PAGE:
ML: There is not much of a tension, actually. First of all, it's just me versus 15 or 17 of them, so if there was a battle I would not be the one winning it. More importatly, I consider them like family. I face them in the same way as the audience does. There's an intimacy there as I'm looking at these people that I really care about. I just want to let them speak. It's almost like a play date with my son, Milo, and his friends. I may be in charge of it, I will try to help them stay safe and get to the finishing line, but there's no way I'm going to control all of them. So it's as an exercise, it's going to be what's going to be. There are going to be mistakes. It's not about trying to have it "movie perfect." It's about trying to corral these elements together in a way that takes it to another level. There are times when at the end of a 75 minutes set it's hard to imagine that so much time has gone by. It is like being in an altered state, just like surfing on a wave.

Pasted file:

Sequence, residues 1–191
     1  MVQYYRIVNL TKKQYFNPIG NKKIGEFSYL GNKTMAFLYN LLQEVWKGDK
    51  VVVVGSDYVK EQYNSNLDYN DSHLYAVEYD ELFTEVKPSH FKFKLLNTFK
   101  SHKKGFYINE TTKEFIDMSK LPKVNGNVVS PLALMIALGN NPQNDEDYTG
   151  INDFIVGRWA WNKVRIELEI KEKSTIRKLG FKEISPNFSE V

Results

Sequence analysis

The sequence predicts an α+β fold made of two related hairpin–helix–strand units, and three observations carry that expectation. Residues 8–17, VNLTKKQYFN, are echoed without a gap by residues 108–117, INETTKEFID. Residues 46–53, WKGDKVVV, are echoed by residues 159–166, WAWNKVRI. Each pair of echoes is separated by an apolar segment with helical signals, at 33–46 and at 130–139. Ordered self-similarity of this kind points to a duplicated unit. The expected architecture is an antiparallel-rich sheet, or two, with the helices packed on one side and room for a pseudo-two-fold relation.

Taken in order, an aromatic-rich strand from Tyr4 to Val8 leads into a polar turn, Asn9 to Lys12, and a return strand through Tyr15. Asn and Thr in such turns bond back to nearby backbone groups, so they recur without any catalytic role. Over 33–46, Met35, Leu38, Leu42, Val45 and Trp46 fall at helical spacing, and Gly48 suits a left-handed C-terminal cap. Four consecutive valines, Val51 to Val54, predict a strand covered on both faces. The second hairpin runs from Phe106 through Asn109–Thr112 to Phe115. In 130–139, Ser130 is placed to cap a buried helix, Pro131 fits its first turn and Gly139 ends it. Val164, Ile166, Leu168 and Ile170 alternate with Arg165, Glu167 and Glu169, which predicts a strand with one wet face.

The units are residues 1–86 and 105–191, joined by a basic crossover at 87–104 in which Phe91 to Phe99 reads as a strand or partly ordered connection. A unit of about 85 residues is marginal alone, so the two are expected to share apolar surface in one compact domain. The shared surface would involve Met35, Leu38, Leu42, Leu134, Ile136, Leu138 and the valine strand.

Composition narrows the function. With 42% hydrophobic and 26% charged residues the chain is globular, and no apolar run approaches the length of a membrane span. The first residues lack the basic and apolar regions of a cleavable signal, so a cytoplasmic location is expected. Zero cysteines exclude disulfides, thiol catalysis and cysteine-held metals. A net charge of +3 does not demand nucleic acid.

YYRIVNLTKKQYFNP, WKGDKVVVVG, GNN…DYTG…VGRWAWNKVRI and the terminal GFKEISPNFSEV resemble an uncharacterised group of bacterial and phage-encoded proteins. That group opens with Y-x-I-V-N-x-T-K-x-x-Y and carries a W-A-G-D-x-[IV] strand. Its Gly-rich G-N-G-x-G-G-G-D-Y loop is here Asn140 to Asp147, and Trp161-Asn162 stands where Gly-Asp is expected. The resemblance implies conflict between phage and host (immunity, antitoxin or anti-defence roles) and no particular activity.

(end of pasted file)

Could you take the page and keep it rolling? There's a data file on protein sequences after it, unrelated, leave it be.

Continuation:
On top of that, these are people that I really respect and trust. Things don't always happen exactly the way I want but they are just as good because their musicianship is so strong. When something starts going in the wrong direction, someone feels it, possibly someone in the rhythm section, and they come in and rescue it. These are all musicians that either come from jazz or some sort of improvisatory music and their instincts are great. We've developed this trust and playfulness that affords us with the safety to experiment. Sometimes I can shout something to them like a football coach or a quarterback and say, "okay, now bang, boom." And they bring it back up...

AAJ: Besides writing and conducting you're also sometimes taking a trumpet solo. In your arrangements when do you give a solo spot to yourself and how is it to have to quickly shift gears from conducting to soloing?